ADVERTISEMENT

ADVERTISEMENT

Dakotafest sees good traffic on first two days, with Gov. Kristi Noem scheduled to visit on final day

Niki Jones, marketing manager for IDEAg Group which puts on Dakotafest, said attendance on the first day of the 2021 show, Tuesday, Aug. 17, topped the first day attendance from 2019. Though figures weren't available for Wednesday, she said it seemed like a good turnout that day, too.

IMG_0424.JPG
Despite heat and wind on Wednesday, Aug. 18, 2021, Dakotafest still pulled in plenty of attendees to visit exhibitors and attend educational sessions. Jenny Schlecht / Agweek

MITCHELL, South Dakota — Dakotafest has come back strong after its one-year hiatus, bringing in crowds in its first two days despite oppressive heat.

The annual event, held in Mitchell, was canceled in 2020 due to the COVID-19 pandemic. Niki Jones, marketing manager for IDEAg Group which puts on Dakotafest, said attendance on the first day of the 2021 show, Tuesday, Aug. 17, topped the first day attendance from 2019. Though figures weren't available for Wednesday, she said it seemed like a good turnout that day, too.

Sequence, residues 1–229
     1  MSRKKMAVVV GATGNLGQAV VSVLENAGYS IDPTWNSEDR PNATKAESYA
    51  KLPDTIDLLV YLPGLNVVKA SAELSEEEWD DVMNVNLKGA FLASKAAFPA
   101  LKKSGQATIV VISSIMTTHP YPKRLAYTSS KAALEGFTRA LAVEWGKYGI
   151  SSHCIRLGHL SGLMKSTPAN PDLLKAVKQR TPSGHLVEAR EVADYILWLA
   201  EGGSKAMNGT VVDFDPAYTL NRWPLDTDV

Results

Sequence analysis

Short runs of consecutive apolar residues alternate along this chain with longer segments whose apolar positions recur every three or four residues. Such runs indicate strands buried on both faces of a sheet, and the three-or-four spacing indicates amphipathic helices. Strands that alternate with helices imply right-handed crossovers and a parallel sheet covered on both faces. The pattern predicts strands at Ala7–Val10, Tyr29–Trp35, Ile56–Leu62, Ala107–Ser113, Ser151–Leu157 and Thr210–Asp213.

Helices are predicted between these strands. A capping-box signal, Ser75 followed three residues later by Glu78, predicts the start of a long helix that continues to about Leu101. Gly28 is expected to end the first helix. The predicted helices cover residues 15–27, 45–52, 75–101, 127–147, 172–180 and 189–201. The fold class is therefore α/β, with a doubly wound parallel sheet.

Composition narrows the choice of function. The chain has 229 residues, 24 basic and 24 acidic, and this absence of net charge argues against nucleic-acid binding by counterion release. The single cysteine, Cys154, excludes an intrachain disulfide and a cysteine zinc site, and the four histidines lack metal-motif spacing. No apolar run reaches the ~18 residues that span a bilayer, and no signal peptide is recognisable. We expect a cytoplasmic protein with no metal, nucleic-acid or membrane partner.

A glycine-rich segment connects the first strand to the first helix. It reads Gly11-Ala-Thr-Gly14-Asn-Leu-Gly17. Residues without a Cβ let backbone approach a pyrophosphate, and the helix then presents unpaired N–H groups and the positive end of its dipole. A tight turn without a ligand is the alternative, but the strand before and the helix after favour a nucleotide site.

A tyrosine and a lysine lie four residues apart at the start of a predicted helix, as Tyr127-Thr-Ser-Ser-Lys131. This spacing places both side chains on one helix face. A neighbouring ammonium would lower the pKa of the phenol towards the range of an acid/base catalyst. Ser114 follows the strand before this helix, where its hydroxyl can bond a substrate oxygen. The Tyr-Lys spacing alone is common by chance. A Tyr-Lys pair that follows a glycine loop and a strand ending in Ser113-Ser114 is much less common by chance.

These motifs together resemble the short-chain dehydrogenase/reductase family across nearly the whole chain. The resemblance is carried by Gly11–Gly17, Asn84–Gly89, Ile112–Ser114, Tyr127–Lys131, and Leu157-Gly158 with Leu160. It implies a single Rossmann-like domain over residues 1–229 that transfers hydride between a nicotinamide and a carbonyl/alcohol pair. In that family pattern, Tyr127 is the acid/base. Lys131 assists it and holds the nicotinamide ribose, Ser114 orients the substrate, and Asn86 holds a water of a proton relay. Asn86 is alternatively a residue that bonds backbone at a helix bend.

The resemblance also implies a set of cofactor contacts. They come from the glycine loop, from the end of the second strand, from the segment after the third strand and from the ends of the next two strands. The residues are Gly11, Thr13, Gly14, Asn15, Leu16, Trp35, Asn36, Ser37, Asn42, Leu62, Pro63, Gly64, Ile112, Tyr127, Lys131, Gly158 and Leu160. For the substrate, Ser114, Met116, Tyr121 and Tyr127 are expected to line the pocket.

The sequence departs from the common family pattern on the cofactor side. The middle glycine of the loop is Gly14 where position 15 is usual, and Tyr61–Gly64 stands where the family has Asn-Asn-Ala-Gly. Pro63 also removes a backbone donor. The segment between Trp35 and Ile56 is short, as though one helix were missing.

According to the National Weather Service, the high temperature on Aug. 17 in Mitchell was 96, set at 2:08 p.m. and on Aug. 18 was 95 set at 2:07 p.m. And Jones said crowds both days did thin in the afternoons.

However, Jones said exhibitors were pleased with the attendance. Attendees seemed excited to see the new implements after missing a year. Some were fueled by nostalgia for visits to farm shows in the past, while others were seemed to be particularly enjoying the food options at the show.

ADVERTISEMENT

IMG_0436.JPG
Mike Whitethorn, left, is the designer of The BurnBucket, and Jay Goldammer is in sales with the company. They said they had made numerous sales and were impressed with the crowds at Dakotafest. Photo taken Aug. 18, 2021, in Mitchell, South Dakota. Jenny Schlecht / Agweek